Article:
Connect with us

How many different size banana plugs are there?

Discussion in 'Electronic Design' started by Don Lancaster, Sep 17, 2007.

Scroll to continue with content
  1. What are their proper names?

    And where can I find their intended dimensions?

    As near as I can tell, a "regular" banana plug fits a 0.15 inch jack.

    What might be a "miniature" banana plug fits a 0.12 inch jack.

    What might be a "subminiature" banana plug fits an 0.10 inch jack.
    Such as on the Triplett 310 multimeter.

    And there are apparently "oversize" banana plugs that fit an 0.25 inch hole.

    Can anyone verify the proper names and exact sizes?

    Many thanks,

    Don Lancaster voice phone: (928)428-4073
    Synergetics 3860 West First Street Box 809 Thatcher, AZ 85552
    rss: email:

    Please visit my GURU's LAIR web site at
  2. Bananaplus are either 4mm or 2mm as far as I know.

  3. There are four sizes you are likely to meet. Normally called 2mm, 4mm,
    0.1" & 1/8". The 4mm, would be your '0.15"' one, with the hole slightly
    larger than you are measuring. The 1/8", would be your '0.12"' one. The
    0.1" variety, has the socket 2.64mm in diameter (0.104"). This is commonly
    called 'mini banana', and will be what is on the Triplett meter.
    The 2mm variety tends to be used only on stuff from places like Germany,
    while the 1/8" version, was common on British kit, perhaps 40 years ago,
    and I haven't seen this on sale in recent times.
    There are quite a few odd 'custom' varieties around. For instance, here in
    the UK, there are Fluke meters, with non standard ones, that were supplied
    to (back in the old days), BT.

    Best Wishes
  4. colin

    colin Guest

    I wonder why did they call them banana plugs ?
    I mean theyr not banana shaped,
    theyr not yellow, well ok maybe some of them are
  5. Eeyore

    Eeyore Guest

    What reason do you have for thinking they're specified in inches ?

    The only one I know that's called a banana plug (and it's very popular) is 4 mm.

  6. Phil Allison

    Phil Allison Guest

  7. Eeyore

    Eeyore Guest

    The way some are constructed (notably Hirschmann), the contact spring is
    slightly banana shaped.

  8. mpm

    mpm Guest

    I have a few in inventory and would have to resort to measuring them,
    but that probably wouldn't help you very much.(?)

    I can tell you this: For dual plugs, there are definitely different
    hole spacings.
    The "familiar" Pamona-type dual plug has about 1" space post-to-post,
    but there's another size that's about 150% that spacing. I suspect
    this could be for a higher current banana plug (as they so seem to be
    "beefier"), but I can't swear to it.

    ITT-Pamona (or some spelling like that), might be a good place to
    Google for the datasheets, and hence size info. I think Tyco also
    makes them these days.., and probably a hundred Chinese outfits whose
    names I can't pronounce, let alone spell.

    EF Johnson also used to make these back in the 80's.
    Not sure if they still do, but might also be worth Googleing.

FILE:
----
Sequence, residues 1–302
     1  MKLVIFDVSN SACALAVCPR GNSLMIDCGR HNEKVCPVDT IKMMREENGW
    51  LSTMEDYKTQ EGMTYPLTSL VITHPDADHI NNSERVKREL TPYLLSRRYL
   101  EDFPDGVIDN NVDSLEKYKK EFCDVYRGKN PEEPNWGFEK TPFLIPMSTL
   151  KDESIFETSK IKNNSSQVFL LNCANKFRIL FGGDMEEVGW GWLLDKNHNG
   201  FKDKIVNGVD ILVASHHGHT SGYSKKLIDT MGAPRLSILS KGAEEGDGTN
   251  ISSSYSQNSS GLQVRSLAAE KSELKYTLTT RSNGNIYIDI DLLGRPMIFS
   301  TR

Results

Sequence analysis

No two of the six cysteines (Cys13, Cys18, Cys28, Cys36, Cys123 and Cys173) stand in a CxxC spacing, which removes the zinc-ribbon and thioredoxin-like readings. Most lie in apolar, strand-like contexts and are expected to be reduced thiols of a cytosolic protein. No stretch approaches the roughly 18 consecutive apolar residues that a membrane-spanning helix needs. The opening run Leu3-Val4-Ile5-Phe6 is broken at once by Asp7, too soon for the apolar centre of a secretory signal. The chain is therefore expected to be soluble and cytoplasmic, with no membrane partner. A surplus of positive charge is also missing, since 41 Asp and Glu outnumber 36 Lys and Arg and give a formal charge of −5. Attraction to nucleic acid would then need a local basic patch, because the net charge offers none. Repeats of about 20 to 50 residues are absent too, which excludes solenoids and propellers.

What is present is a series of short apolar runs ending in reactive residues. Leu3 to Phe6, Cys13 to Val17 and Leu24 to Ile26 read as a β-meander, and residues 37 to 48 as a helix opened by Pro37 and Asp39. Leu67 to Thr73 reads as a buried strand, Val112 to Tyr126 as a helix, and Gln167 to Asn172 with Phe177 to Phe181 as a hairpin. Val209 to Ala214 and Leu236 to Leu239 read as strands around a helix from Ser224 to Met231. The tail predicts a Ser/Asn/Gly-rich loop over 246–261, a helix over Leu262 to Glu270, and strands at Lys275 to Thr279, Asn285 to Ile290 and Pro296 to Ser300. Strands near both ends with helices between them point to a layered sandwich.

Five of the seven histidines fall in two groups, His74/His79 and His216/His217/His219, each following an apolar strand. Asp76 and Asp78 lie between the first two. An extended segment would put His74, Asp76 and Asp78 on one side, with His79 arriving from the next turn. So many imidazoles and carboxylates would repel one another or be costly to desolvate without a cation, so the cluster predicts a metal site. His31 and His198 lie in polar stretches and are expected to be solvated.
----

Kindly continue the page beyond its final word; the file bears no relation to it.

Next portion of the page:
9. mpm

    mpm Guest

    As for exact name: I believe the receptable end is called a "5-way
    binding post".
    (even though, I can come up with a lot more ways than that to connect
    to it! Ha!!)
  10. G

    G Guest

    I call that the other plug. I pull out my old DEC patch cord sets, come in
    different colors, and I use the plugs from these when necessary. Thats all I

  11. JeffM

    JeffM Guest

  12. Robert Baer

    Robert Baer Guest

    You are full of it.
    The (standard) Pomona banana pair spacing is 0.75 inches, *NOT* one
    This 3/4 spacing is seen on many DVMs and curve tracers (includes
    scope plugins).

    Use DigiKey, and get the datasheet for the Pomona 1269; *NO*
    dimensions are one inch!
  13. Phil Hobbs

    Phil Hobbs Guest

    I suspect it's that the longitudinally split spring reminded someone of
    the way a banana peels.


    Phil Hobbs
  14. charrid

    charrid Guest

    Right you are - 3/4 inch has been the banana pair spacing standard
    since I remember, maybe 50 years ago. Living in Europe, I wandered,
    why the pairs of electrical contacts, on all test equipment and even
    the public power network were spaced 19 mm and not the nice round 20
    or so. Then on moving to the US it hit me - 19mm is 3/4 inch! (well,
    ignore the 0.05mm). So who started it - Edison?, Westinghouse?...

  15. colin

    colin Guest

    oo I didnt think of that.

    there seems to be several different types with different spring arangements.
    in the electronics lab at school we used to have ones wich were basically a
    bunch of
    7 or so springy wires wich worked quite well

    Colin =^.^=
  16. JeffM

    JeffM Guest

    VERY well...and after seeing them once, I never saw them again
    --AND I never found a place to BUY any.
Ask a Question
Want to reply to this thread or ask your own question?
You'll need to choose a username for the site, which only take a couple of moments (here). After that, you can post your question and our members will help you out.
Electronics Point Logo
Continue to site
Quote of the day